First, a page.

Belfast Telegraph

£800k special adviser spend unjustifiable, says UUP's Allen as price tag climbs 30%

By Adrian Rutherford

The annual cost of special advisers to the First Minister and Deputy First Minister's office has spiralled to more than £800,000, it has been revealed.

Total expenditure has soared by 30% - almost £200,000 - since the restoration of devolution in 2007.

There are eight special advisers, known as spads, to the Executive Office - as many as in the entire Welsh government.

They can be paid taxpayer-funded salaries of up to £91,809 - more than Stormont Ministers, who earn £86,000.

In the 12 months to April, spad salaries amounted to £658,077. A further £163,930 was spent on pension contributions - a total of £822,007.

By contrast in 2007/08 the overall bill was £632,475 - £533,945 on salaries and £98,530 on pension costs.

The figures were released after an Assembly question from UUP MLA Andy Allen.

Mr Allen said the costs were "outrageous" and indicated an out-of-control system.

"The growth in salaries and pensions costs has come during a time of contracting public expenditure, with key services coming under serious pressure, a stagnating economy, a record number of young people not being able to find work, a major streamlining in the number and size of Executive departments and the biggest shake-up to the welfare system in a generation," Mr Allen added.

"All the while, however, the DUP and Sinn Fein have continued to reward those privileged party apparatchiks around them with excessive and wholly unwarranted salary increases.

"Despite being entirely paid for from the public purse, these special advisers continue to remain wholly unaccountable to anyone but their party leader."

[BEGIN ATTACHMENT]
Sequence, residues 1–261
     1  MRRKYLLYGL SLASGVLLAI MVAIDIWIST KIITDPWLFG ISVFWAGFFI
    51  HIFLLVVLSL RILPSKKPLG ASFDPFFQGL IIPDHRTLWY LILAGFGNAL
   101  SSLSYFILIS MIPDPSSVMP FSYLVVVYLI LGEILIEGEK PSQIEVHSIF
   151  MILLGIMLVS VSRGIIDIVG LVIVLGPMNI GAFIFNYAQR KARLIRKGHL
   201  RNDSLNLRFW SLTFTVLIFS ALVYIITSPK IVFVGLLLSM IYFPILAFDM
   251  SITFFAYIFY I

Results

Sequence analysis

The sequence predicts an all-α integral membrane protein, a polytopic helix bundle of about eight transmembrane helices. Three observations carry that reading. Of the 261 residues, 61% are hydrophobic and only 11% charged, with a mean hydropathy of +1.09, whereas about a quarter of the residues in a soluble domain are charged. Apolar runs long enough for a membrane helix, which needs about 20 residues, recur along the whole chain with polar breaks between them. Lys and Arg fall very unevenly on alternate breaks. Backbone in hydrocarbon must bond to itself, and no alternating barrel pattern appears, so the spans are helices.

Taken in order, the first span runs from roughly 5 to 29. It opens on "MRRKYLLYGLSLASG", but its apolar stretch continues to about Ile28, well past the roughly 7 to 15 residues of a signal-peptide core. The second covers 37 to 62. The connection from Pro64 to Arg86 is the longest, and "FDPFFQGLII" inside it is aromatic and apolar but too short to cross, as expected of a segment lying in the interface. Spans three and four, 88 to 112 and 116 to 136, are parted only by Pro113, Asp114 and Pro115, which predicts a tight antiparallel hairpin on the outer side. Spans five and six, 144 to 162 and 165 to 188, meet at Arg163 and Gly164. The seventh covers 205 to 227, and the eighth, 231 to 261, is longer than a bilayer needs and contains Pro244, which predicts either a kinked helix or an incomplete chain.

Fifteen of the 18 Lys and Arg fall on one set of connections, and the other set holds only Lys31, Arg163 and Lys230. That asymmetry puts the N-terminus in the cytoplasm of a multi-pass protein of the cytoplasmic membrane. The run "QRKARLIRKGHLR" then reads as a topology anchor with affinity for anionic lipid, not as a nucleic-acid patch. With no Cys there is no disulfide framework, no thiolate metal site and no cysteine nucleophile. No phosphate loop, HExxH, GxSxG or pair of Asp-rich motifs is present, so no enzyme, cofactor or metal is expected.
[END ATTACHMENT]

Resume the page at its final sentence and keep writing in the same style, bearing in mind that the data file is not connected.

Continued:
Last year, a bill that would have reduced the cap on special advisers' pay was defeated in the Assembly after the DUP and Sinn Fein voted against it.

The legislation, proposed by TUV leader Jim Allister, would have also cut the number of special advisers to the First Minister and Deputy First Minister's office from eight to four.

At the time, Mr Allister said: "The cabal which controls this house was determined to kill this bill."

Mr Allen, meanwhile, said the costs were no longer acceptable.

"These figures demonstrate that the cost of special advisers is simply not justifiable," he added.

"I would call on the First Ministers to initiate an immediate review of the numbers and costs of special advisers in their department - especially now that so many of its responsibilities have been transferred to other departments."

Four of the eight special advisers support First Minister Arlene Foster and DUP Junior Minister Alistair Ross.

They are Richard Bullick, Timothy Johnston, Philip Weir and Stephen Brimstone.

The other four assist Deputy First Minister Martin McGuinness and Sinn Fein Junior Minister Megan Fearon.

They are Dara O'Hagan, Mark Mullan, Grainne Maskey and John Loughan.

Belfast Telegraph


From Belfast Telegraph